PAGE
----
The Green Room is a new blog series from the research community at the Royal Conservatoire of Scotland. It’s both a response to the impact of Covid 19 on the arts, and a way of starting new conversations about the future. Each week colleagues will share their personal reflections, insights, challenges and hopes as we begin to map out our next steps together.
A kind, deep breath
This week is Mental Health Awareness Week, and the focus for 2020 is kindness. I am dedicating this writing to the most powerful tool we have to be kind to ourselves: the breath. Considering the breath for its health and wellbeing properties””at a time when the Coronavirus, a respiratory disease, is ravaging the world””has never been more crucial. So, as a companion to the Breathe and Sleep workshop I ran on Monday 18 May, I am collecting here some thoughts on breath. The breath features in many spiritual traditions and cosmologies, as well as science, both in the theoretical and practical realms. It also appears in many works of art, plays, performances and music pieces but I will not go into these here, as my focus is to explore the qualities of the breath and how you can apply them to cultivate your physical and mental wellbeing. Respiratory art and philosophy is the subject of a longer piece I am writing for a journal so watch out for future updates.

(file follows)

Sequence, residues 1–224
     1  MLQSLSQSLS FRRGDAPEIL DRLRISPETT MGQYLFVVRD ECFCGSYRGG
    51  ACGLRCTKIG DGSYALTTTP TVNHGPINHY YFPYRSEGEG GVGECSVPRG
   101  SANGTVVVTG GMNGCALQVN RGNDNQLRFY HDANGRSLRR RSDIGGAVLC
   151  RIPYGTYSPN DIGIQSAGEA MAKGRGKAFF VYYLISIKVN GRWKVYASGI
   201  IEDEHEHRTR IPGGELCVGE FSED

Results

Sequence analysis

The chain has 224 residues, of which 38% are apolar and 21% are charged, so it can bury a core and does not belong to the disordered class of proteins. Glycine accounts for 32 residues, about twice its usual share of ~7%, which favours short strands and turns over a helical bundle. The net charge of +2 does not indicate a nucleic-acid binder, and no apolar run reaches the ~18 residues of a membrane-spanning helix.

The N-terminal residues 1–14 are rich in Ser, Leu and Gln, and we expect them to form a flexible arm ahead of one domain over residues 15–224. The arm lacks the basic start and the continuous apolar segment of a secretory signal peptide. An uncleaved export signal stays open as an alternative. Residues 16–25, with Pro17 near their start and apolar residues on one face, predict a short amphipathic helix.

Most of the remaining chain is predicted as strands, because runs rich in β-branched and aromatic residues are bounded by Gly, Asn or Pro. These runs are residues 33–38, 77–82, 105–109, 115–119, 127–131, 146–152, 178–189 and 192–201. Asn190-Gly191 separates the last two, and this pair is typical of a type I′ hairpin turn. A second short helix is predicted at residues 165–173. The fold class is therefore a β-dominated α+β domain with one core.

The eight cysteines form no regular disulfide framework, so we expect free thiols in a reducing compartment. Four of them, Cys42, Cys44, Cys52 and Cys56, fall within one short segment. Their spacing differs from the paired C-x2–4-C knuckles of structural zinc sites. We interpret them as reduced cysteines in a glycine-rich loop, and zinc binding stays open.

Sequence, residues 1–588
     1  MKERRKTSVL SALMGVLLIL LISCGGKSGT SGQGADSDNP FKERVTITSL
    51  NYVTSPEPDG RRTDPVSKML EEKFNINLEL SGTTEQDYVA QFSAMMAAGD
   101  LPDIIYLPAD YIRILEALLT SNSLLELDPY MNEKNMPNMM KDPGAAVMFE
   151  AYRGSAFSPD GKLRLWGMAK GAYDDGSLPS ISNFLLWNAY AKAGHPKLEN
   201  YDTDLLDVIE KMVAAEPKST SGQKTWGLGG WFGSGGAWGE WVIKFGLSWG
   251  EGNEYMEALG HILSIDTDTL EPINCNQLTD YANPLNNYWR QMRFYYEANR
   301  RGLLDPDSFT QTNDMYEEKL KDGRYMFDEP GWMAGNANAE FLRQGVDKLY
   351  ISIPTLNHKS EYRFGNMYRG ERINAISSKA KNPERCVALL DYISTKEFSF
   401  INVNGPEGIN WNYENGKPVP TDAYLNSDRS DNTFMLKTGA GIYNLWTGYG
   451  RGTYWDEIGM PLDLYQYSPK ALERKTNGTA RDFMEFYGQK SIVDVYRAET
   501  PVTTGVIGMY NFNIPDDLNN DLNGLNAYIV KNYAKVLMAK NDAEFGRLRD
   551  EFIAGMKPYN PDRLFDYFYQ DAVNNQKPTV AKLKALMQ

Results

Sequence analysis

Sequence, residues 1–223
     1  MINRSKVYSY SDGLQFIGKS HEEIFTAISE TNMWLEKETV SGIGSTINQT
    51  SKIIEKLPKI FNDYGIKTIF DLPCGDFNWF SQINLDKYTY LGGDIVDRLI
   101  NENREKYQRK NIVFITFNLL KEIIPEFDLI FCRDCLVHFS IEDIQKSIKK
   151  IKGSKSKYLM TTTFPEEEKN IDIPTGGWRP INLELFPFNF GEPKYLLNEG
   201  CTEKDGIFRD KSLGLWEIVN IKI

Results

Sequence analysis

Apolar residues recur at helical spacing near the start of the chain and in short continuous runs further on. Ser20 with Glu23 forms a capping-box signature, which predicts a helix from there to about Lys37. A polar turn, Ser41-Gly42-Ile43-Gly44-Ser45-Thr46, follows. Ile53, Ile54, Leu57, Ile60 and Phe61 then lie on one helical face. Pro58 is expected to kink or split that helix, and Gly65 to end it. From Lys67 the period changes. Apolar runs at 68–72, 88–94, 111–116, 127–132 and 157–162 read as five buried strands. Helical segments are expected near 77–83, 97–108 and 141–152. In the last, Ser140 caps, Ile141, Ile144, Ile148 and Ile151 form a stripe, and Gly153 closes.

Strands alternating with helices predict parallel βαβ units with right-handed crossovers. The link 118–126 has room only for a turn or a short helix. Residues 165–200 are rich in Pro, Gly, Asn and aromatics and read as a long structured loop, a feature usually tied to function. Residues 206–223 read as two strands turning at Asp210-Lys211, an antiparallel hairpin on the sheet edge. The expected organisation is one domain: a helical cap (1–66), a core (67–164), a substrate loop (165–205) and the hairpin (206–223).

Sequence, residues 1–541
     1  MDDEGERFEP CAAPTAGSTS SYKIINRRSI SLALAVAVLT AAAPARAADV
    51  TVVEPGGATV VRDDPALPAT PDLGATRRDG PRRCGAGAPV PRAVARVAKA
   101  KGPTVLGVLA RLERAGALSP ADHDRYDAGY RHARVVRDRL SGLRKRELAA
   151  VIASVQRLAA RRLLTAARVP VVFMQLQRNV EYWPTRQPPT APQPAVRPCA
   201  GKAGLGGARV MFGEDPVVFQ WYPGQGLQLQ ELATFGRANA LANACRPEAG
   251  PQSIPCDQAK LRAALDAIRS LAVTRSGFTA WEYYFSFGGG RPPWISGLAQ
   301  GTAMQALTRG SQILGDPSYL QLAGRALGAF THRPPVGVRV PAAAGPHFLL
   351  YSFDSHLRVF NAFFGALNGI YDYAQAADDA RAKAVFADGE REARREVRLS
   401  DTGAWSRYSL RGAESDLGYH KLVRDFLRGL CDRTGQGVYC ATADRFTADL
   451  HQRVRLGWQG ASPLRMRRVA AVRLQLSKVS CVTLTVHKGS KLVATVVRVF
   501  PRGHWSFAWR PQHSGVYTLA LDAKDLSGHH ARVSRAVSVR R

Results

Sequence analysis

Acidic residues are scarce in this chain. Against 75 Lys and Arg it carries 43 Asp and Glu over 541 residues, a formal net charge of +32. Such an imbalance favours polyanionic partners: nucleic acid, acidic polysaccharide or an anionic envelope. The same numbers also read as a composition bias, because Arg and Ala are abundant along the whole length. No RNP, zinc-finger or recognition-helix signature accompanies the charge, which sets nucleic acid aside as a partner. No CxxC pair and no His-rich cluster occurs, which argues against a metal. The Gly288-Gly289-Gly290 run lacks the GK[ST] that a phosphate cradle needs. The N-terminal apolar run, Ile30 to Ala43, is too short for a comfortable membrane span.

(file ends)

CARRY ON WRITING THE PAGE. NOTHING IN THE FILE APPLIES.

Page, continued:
Image 1: Exercising full lung capacity in one of my lockdown walks
To breathe is to be alive, it is a key system in the human body; a privileged one, for it is both automatic and can be influenced consciously, enabling access to other systems, notably the nervous system. However, it is very hard to remain awake for one breath, one full inhalation and one full exhalation. For most of us, this full breath takes 4 seconds to complete. Resonance, what happens when many of our functions (our heart rate, heart rate variability, blood pressure and brainwave) come into a coherent frequency, is triggered with a breath of between 10 and 12 seconds. This is the kinds of breathing we get into when we meditate. In our normal life we breathe too fast and, thus, we suffer diseases of haste.
The breath has a profound effect on the nervous system, which is comprised of:
- Sympathetic Nervous System (SNS): flight, fight, freeze, usually linked to inhalation
- Parasympathetic Nervous System (PNS0: rest, digest, befriend, linked to exhalation
We need both systems to operate in the world but our ways of living mean that we are established in the SNS to the detriment of the PNS. We don’t rest well and, more crucially, we don’t heal. The SNS is survivalist and, as such, does not prioritise immunity. To strengthen this and to heal, we need to know how to activate the PNS.
In his book Aware: the Science and Practice of Presence, Daniel Siegel helps us visualise our brain by using our own hands to see how it works. You can see him explain it in this TED talk. You can also do it with me:
- Raise a hand and trace your forearm up to the wrist. These are your spinal chord and the brain stem.